Seventeen years after he won the position in an election characterised by allegations of corruption, Sepp Blatter finally lost control of the Fifa presidency last night.
The news came just four days after he defied his critics by securing a fifth four-year term and was delivered at a press conference so hastily called that barely a handful of reporters made it along.
At the conference, Blatter spoke of his desire to transform the organisation but said the task was beyond him and he now intends to pass it on to others.
Quite what had changed since Friday when he had ignored widespread calls for him to do just that was not made clear, but his comments came towards the end of another very bad day for Fifa and those responsible for running it.
It started when the organisation suggested Julio Grondona was the "high-ranking" official – referred to in the US Attorney's indictment – who authorised payments totalling $10 million from Fifa to accounts controlled by Jack Warner. Grondona was head of the federation's finance committee at the time and has since passed away.
The New York Times, however, reported that the US authorities believe the man in question is Fifa General Secretary Jerome Valcke, who works closely with Blatter.
The money was paid on behalf of the South African Football Federation in what has been identified as a bribe for votes cast in support of the country’s bid to stage the 2010 World Cup.
The publication of a letter from the association to Valcke authorising the payment, in any case, leaves very little doubt that it was intended for Warner, then Concacaf president, and that there was plenty for Fifa to be suspicious about.
The issue always looked as though it was going to prove problematic for Blatter and Fifa, who had claimed that last week’s allegations by the US authorities had little to do with them directly.
Time was up
The 79-year-old did not refer to the letter directly or the wider scandal but clearly things had moved on enough for Blatter to accept that, with his time apparently up, the thing to do now was to try to exert some influence over the manner of his departure and the legacy he leaves.
Professing his ongoing love for the federation, he said he had turned to Domenico Scala, the independent chairman of Fifa's audit and compliance committee, to oversee a wide-ranging process of review and reform.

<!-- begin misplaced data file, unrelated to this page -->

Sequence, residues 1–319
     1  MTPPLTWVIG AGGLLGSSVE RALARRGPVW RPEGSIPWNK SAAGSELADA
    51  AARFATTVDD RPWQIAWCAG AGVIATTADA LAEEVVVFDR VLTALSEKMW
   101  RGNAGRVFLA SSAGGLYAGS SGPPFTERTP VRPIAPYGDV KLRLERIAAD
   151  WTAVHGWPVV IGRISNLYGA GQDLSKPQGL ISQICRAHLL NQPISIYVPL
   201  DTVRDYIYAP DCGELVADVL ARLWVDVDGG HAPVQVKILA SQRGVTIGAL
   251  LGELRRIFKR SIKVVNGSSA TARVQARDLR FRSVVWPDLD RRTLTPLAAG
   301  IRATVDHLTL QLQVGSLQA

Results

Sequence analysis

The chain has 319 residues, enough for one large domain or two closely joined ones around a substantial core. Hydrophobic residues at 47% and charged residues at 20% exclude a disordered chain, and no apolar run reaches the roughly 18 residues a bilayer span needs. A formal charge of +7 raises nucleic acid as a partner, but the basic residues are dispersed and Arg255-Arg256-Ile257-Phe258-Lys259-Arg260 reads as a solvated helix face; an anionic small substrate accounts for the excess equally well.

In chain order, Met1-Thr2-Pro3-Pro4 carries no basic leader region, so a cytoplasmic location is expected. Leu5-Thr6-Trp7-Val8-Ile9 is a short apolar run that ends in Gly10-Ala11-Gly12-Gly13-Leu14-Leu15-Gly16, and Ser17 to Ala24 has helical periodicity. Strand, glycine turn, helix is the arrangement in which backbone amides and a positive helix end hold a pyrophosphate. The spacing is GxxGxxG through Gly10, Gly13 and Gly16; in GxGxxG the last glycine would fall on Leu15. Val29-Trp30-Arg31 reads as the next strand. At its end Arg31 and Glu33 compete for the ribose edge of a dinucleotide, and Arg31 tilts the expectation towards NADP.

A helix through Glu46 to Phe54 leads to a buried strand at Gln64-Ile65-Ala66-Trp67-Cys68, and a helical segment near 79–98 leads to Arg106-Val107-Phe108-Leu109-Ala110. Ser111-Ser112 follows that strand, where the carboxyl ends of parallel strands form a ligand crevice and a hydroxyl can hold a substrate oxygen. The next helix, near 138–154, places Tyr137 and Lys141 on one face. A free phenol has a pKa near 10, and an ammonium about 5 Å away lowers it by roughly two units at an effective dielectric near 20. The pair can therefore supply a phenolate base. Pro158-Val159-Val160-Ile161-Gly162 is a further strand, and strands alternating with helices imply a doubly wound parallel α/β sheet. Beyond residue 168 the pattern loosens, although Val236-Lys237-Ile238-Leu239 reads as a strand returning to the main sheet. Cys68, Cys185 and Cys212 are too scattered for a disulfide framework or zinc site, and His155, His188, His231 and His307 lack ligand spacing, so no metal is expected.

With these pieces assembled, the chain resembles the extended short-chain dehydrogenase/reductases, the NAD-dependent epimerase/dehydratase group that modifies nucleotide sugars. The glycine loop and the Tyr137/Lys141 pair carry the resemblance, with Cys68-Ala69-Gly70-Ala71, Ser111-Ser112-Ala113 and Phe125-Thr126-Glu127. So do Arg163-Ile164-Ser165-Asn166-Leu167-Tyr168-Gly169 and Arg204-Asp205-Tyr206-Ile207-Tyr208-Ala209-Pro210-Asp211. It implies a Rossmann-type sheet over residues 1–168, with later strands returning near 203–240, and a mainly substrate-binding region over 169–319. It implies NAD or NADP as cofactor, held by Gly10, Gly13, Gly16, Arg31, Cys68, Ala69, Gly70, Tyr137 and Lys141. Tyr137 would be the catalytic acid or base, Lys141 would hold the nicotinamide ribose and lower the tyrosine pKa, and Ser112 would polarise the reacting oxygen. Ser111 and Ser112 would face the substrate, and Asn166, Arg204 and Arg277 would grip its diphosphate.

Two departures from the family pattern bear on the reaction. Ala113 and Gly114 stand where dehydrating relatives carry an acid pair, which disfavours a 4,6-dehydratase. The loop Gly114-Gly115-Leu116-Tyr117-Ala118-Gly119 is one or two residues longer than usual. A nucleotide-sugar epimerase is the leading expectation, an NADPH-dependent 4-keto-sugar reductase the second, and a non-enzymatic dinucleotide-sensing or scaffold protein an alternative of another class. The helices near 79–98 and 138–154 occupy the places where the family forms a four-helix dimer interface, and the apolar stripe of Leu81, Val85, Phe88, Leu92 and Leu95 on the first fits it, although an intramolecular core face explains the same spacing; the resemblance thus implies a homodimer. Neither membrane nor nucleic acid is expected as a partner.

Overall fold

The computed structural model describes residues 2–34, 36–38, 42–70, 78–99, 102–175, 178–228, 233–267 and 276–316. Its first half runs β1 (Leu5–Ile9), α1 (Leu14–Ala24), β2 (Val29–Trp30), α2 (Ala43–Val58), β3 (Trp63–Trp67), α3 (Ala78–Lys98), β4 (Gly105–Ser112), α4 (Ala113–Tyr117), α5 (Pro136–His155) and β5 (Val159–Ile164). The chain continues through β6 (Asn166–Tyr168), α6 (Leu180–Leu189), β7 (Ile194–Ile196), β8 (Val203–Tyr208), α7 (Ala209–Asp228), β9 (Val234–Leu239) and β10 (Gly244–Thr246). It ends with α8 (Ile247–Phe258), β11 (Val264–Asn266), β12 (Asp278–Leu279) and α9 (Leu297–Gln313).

“The size of the executive committee must be reduced and its members should be elected through the Fifa Congress,” he said.
“The integrity checks for all executive committee members must be organised centrally through Fifa and not through the confederations. We need term limits not only for the president but for all members of the executive committee.
“I have fought for these changes before,” he claimed, “and, as everyone knows, my efforts have been blocked. This time, I will succeed.”
Scala then went further, suggesting that Fifa will accede to many of the demands its critics have long been making.
The remuneration of the president and other leading executives will, he suggested, be revealed, its accounting procedures will become more transparent and those involved in the organisation, at whatever level, will no longer be permitted to use it to “enrich themselves”.
It was striking stuff and, taken in conjunction with the criminal investigations in the US and Switzerland it has, if delivered upon, the potential to be a landmark announcement for an organisation that has for decades defied all outside pressure for reform.
Quite how many more senior officials and executives will have to go in the clearout that follows remains to be seen. Much may depend on the identity of Blatter's successor who is expected to be elected at the end of this year or the start of next, with Prince Ali bin-Hussein's candidacy possibly being swept aside by a number of higher profile candidates, one of whom may be Uefa president Michel Platini.
There might well, however, be a backlash on the part of those from Africa, Asia and Oceania. They stood by Blatter last week to beat any attempt at a European takeover that might bring fundamental change to the ways in which Fifa’s wealth is redistributed, and so the battle to succeed Blatter may yet prove every bit as painful for football as the battle to get rid of him.
Nevertheless, FAI chief executive John Delaney was among those welcoming the news.
“It’s a good day for world football,” he said.
“I felt last week that he would survive the vote but there was a momentum against him from sponsors, the FBI, the British governmen . . . from within football, where nearly 40 per cent of the countries had the bravery to vote against him.
“Even though it’s a secret ballot, a lot of people were of the view that it would have been difficult to remove him and be seen to support a move against Blatter.
“It’s a good day for world football but it’s important that when the debate moves on, we use this opportunity to change the culture at Fifa.”